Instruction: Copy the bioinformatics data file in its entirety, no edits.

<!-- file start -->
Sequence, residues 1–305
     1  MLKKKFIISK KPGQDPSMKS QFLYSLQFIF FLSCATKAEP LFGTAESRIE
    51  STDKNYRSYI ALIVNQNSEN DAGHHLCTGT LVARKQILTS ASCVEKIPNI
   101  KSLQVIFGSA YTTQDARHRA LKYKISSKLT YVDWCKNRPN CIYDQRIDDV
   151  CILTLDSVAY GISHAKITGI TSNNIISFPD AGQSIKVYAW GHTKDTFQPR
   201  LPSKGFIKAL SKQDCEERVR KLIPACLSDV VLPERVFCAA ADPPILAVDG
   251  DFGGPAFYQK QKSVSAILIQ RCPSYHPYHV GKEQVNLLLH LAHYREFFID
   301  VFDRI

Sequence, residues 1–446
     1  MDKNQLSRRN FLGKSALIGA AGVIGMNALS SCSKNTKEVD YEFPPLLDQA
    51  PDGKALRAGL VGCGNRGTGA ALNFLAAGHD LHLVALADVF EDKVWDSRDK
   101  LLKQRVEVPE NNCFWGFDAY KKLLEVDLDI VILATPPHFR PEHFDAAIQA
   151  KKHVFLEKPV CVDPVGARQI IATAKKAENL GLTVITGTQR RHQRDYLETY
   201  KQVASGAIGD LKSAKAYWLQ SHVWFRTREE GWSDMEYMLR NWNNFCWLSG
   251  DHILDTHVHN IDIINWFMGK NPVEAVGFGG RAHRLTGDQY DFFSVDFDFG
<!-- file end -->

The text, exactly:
Sequence, residues 1–305
     1  MLKKKFIISK KPGQDPSMKS QFLYSLQFIF FLSCATKAEP LFGTAESRIE
    51  STDKNYRSYI ALIVNQNSEN DAGHHLCTGT LVARKQILTS ASCVEKIPNI
   101  KSLQVIFGSA YTTQDARHRA LKYKISSKLT YVDWCKNRPN CIYDQRIDDV
   151  CILTLDSVAY GISHAKITGI TSNNIISFPD AGQSIKVYAW GHTKDTFQPR
   201  LPSKGFIKAL SKQDCEERVR KLIPACLSDV VLPERVFCAA ADPPILAVDG
   251  DFGGPAFYQK QKSVSAILIQ RCPSYHPYHV GKEQVNLLLH LAHYREFFID
   301  VFDRI

Sequence, residues 1–446
     1  MDKNQLSRRN FLGKSALIGA AGVIGMNALS SCSKNTKEVD YEFPPLLDQA
    51  PDGKALRAGL VGCGNRGTGA ALNFLAAGHD LHLVALADVF EDKVWDSRDK
   101  LLKQRVEVPE NNCFWGFDAY KKLLEVDLDI VILATPPHFR PEHFDAAIQA
   151  KKHVFLEKPV CVDPVGARQI IATAKKAENL GLTVITGTQR RHQRDYLETY
   201  KQVASGAIGD LKSAKAYWLQ SHVWFRTREE GWSDMEYMLR NWNNFCWLSG
   251  DHILDTHVHN IDIINWFMGK NPVEAVGFGG RAHRLTGDQY DFFSVDFDFG